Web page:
My grandmother could have learned a lot from my mother. Other women could, too. To paraphrase Frost, she’s taking the road less travelled on. I bet it will make all the difference!





Should there be an expiration date to health care access?

8 05 2009

Access is one of the biggest buzz words in health care…and it’s a primary driver in the reform efforts underway in DC, right now. But is that access open-ended or, in a time when science has replaced nature and dollars are few, is it worth asking whether there should be an expiration date to access…or at least some controls?

Ellen Goodman raises this question to some extent in an op-ed in today’s Boston Globe. She starts with a recounting of the Obama family’s struggle with the issue of whether to provide life-extending–but not necessarily enhancing–treatment to his dying grandmother. They opted not to. The President told the story not so we could be voyeurs to the painful decision he and his sister wrestled with. He raised it to shine on a light on what he called a difficult moral issue related to sustainable health care.

I’m glad he did…it’s a question that should be front and center in American discourse today. The bottom line is that this country too frequently keeps people alive not because they should–but because we can. Rather than compassion for the individual, it’s an act of ego in the case of the medical providers (look, ma, I’m God!) and selfishness on the part of the loved ones (we may not want to deal with you as we tuck you away in a nursing home or in front of a tv, but we sure as hell aren’t going to let you go).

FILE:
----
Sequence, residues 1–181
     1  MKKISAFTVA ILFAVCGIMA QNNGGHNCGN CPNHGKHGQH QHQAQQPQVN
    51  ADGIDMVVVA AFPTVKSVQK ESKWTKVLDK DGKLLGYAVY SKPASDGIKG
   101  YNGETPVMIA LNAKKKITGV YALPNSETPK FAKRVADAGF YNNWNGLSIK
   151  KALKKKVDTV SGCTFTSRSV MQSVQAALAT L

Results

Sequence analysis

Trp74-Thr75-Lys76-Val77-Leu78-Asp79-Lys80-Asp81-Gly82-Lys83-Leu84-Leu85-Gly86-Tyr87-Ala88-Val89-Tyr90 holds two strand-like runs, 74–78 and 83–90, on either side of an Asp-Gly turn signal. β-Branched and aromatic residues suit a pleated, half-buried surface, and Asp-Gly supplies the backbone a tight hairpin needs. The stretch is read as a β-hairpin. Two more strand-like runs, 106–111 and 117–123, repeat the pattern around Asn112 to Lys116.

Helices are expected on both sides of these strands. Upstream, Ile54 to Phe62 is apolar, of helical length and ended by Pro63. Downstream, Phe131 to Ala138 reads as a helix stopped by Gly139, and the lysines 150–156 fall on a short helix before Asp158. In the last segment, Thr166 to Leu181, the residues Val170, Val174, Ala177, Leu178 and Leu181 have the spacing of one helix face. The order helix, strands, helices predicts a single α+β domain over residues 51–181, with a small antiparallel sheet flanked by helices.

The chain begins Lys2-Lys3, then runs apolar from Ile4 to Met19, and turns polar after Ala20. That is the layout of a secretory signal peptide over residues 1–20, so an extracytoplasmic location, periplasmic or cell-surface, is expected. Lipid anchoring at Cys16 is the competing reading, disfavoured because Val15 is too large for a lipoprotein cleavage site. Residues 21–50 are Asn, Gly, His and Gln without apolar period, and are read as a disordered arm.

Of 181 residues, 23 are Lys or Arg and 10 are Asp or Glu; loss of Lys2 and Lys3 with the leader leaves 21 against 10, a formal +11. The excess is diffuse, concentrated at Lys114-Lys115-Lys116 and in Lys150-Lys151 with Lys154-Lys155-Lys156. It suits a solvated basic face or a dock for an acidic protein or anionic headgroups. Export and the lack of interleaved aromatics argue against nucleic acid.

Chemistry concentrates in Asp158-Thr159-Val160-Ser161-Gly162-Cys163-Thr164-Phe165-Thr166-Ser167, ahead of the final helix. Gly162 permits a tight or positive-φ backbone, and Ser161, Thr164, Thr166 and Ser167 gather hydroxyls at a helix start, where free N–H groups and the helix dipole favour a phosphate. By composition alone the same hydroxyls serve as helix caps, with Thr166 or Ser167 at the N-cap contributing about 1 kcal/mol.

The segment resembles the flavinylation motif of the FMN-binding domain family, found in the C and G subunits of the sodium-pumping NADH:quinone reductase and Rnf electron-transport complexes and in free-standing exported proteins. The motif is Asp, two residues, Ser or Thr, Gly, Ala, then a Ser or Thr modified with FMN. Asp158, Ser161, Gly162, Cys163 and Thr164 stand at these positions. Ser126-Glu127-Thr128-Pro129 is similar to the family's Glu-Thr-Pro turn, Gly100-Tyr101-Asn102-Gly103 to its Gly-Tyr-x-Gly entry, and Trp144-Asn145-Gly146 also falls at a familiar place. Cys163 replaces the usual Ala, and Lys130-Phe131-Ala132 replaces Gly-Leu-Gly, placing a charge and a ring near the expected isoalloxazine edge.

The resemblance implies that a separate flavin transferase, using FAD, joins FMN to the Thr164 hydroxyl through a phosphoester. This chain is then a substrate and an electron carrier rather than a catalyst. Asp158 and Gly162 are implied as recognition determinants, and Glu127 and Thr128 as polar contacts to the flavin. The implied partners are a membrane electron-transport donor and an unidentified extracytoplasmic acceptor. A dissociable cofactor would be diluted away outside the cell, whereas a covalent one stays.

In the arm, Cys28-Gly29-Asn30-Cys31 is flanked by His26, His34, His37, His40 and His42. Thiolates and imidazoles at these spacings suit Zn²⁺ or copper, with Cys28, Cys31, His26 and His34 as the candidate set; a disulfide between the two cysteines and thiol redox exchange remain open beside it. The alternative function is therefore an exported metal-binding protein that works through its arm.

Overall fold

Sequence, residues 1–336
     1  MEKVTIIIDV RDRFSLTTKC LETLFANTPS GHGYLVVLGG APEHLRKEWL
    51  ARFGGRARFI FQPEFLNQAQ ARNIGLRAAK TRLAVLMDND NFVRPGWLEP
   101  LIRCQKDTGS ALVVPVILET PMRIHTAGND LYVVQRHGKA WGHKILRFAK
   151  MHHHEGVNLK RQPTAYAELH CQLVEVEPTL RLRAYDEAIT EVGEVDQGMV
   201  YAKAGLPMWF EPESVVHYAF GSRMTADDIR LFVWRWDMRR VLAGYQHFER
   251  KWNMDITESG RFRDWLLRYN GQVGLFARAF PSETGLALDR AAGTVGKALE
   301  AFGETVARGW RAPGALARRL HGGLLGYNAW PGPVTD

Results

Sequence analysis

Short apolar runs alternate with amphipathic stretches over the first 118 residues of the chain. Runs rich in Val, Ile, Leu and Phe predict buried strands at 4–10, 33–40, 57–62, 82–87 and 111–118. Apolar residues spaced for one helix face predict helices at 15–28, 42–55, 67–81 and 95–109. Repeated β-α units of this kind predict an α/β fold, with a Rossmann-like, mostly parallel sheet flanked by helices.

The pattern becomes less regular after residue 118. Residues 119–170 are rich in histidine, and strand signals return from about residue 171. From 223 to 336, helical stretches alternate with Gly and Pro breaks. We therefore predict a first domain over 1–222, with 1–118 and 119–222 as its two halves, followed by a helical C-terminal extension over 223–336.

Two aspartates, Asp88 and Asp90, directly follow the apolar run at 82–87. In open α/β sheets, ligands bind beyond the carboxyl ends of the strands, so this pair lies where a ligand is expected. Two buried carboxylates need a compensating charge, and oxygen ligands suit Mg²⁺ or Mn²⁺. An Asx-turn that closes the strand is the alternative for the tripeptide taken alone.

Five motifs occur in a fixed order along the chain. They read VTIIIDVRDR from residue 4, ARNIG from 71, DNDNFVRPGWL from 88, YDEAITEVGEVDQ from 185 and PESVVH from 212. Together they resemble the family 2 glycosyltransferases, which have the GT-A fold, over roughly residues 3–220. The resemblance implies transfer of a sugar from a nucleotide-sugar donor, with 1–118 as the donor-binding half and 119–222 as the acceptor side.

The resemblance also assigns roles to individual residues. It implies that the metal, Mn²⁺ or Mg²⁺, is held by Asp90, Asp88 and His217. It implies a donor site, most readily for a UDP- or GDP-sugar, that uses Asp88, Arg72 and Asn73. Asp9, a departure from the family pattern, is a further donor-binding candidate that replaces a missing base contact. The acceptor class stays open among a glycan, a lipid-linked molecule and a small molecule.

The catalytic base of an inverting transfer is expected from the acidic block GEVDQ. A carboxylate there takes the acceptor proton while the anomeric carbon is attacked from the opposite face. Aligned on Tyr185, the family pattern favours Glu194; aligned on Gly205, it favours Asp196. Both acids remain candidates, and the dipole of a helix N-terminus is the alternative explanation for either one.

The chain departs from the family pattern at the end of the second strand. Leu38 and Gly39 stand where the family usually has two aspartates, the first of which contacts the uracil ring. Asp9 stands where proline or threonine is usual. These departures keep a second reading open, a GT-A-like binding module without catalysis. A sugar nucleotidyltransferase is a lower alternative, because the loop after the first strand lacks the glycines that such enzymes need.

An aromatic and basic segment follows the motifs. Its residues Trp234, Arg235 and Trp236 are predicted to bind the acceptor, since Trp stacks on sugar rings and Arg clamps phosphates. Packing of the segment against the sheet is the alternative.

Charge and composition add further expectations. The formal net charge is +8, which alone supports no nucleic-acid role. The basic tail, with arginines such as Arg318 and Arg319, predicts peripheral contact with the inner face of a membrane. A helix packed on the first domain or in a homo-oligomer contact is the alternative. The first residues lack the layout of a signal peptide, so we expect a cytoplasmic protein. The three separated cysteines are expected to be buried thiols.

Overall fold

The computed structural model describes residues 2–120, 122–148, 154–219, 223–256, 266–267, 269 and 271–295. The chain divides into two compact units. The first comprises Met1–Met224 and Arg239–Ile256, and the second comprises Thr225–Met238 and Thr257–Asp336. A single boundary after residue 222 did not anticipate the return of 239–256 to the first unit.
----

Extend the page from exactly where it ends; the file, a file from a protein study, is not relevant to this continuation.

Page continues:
And it’s an act that raises not only ethical issues and quality of life issues, but increasingly financial ones.

As the Baby Boomers age, do you really think we can pay to extend their lives as long as science allows? Forget the cost to their individual quality of lives. What do you think the cost will be to everyone else? To the adults whose taxes pay for that care? To the kids who, most likely, will be denied access to keep seniors here for just a little bit longer? At a time when the Dems are adding to the federal budget at a rate of $100 million PER MONTH to right our domestic ship (following eight years of Republicans spending untold millions per month to sink our international one), how much longer do you think we can keep printing play money to pay for all this?